Aspen Group has scared off a potential suitor for its $210 million Aspen Parks Property Fund, placing a September 29 deadline on retirement village manager Ingenia Communities Group to finalise a binding unconditional offer.
The developer and fund manager said in its annual results last week that it had been approached by Ingenia in June to acquire its 12.5 per cent stake in the fund at its net asset value of $26 million, as well as its management rights for an additional $5 million.
That proposal was swiftly rejected, but in early August Ingenia made another confidential, non-binding bid to acquire all the shares in the Aspen Parks fund, which owns 21 lifestyle parks across Australia, in an all-scrip deal.
Ingenia said last month it believed the Aspen Parks assets would be complementary to its own portfolio, with the majority located near its existing assets in NSW, Victoria and Western Australia.
The fund has been operating since 2004, and includes the Woodman Point Holiday Park, the Ningaloo Reef Resort, and the Monkey Mia Dolphin Resort, among a diverse range of assets.
The Cooke Point Holiday Park in Port Hedland is one of 21 properties held by the Aspen Parks Property Fund.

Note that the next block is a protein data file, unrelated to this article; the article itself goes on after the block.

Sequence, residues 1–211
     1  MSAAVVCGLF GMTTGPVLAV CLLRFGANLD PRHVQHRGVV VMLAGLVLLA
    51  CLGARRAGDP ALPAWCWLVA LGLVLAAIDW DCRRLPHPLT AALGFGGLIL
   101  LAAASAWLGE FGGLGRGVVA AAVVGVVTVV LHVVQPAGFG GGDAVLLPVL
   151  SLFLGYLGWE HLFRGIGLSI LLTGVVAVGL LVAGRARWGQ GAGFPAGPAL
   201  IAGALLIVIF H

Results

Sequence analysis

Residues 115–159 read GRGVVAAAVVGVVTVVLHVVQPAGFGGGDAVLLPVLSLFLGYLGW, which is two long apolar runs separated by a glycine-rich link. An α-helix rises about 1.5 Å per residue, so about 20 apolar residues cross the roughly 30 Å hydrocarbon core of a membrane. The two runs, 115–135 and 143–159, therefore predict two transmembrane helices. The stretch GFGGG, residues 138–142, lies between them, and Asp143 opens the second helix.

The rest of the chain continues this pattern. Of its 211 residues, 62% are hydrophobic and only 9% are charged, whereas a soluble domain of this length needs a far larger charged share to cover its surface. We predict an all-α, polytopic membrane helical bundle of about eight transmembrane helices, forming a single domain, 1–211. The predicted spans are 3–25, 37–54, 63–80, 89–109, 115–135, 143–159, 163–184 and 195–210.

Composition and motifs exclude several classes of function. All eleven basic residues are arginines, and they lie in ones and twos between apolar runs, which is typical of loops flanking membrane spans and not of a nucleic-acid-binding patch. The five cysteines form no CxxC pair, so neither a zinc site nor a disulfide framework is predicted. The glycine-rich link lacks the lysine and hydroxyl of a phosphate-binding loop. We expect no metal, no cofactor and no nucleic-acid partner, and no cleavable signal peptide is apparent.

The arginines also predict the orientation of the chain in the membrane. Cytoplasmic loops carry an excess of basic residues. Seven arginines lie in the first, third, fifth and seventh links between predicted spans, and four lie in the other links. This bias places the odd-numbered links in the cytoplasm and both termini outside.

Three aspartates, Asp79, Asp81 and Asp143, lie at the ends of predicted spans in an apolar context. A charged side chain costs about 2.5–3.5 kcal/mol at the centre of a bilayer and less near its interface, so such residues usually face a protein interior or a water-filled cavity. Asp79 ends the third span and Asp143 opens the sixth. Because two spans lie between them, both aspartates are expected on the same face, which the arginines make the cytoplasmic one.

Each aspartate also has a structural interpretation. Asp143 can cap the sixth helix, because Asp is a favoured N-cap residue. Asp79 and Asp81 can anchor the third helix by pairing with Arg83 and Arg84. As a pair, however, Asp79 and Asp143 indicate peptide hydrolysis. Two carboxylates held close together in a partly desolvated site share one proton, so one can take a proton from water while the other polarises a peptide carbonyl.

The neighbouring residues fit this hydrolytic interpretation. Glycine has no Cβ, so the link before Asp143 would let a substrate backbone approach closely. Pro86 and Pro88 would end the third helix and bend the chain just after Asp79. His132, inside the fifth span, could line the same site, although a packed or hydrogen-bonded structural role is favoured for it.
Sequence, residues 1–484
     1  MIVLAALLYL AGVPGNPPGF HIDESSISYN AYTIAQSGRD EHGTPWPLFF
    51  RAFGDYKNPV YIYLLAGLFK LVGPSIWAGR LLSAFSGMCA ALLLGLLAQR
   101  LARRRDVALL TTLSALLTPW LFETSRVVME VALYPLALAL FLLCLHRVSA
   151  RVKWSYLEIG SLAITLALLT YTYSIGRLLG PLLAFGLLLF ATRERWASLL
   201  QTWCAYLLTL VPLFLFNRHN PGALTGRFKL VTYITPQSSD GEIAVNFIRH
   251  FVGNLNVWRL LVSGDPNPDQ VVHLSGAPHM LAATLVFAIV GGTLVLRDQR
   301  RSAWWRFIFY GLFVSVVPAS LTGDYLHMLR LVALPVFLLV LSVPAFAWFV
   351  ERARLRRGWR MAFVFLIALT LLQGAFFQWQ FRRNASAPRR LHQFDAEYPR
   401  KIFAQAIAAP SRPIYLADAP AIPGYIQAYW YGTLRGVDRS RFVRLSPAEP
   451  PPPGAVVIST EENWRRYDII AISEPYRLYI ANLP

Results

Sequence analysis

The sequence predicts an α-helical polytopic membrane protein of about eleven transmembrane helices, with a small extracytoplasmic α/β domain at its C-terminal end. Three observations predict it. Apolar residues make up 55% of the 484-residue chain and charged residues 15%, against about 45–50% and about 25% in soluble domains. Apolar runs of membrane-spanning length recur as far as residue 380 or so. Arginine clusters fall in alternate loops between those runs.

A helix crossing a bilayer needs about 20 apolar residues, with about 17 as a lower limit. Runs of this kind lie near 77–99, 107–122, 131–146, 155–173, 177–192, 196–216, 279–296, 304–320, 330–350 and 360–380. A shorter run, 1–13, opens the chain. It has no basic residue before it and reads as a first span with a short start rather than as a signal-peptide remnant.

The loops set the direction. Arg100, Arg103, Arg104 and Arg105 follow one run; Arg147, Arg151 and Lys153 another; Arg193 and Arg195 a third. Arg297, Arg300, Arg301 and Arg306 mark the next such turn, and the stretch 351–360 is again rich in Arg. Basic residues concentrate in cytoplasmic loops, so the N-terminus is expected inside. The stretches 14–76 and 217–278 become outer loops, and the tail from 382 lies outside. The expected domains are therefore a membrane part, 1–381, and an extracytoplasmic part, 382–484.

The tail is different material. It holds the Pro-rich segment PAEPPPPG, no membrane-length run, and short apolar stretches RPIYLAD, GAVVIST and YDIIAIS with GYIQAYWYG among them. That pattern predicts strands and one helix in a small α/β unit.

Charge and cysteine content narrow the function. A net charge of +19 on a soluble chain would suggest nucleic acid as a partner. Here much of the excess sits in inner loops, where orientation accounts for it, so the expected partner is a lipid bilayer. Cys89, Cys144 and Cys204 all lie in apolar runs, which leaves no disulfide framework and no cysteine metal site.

Aspen said at the time it would investigate the offer to determine if it would provide value to shareholders.
However, Ingenia this week said it had withdrawn from the process, because Aspen had declared an end of the month deadline to produce a binding, unconditional proposal.
“Ingenia has acquired 15 parks over the last 18 months and has a prudent due diligence process that it undertakes in any asset purchase,” the company said in a statement to the ASX.
“This includes legal, planning approvals, site visits, engineering, valuations and human resources.
“The proposed timetable does not provide adequate time to complete a prudent level of due diligence and therefore Ingenia is announcing its withdrawal from the process.”
Meanwhile, Aspen launched plans last week to recapitalise the fund through a $39 million, one-for-two entitlements offer at an issue price of 49 cents.
Aspen said the funds raised through the offer would be used to initially reduce debt, but also to enhance the chances of expanding the portfolio.
Since June 30 2013, the value of the portfolio declined by $63.5 million, with the total assets valued at $210 million at the end of FY2013-14.
Ingenia maintained that its bid would be more compelling to Aspen Parks Property Fund shareholders than the proposed entitlement offer.
“Ingenia remains interested in working with Aspen to explore alternatives,” the company said.
At close of trade today, Aspen shares were down 2.3 per cent, trading at $1.24.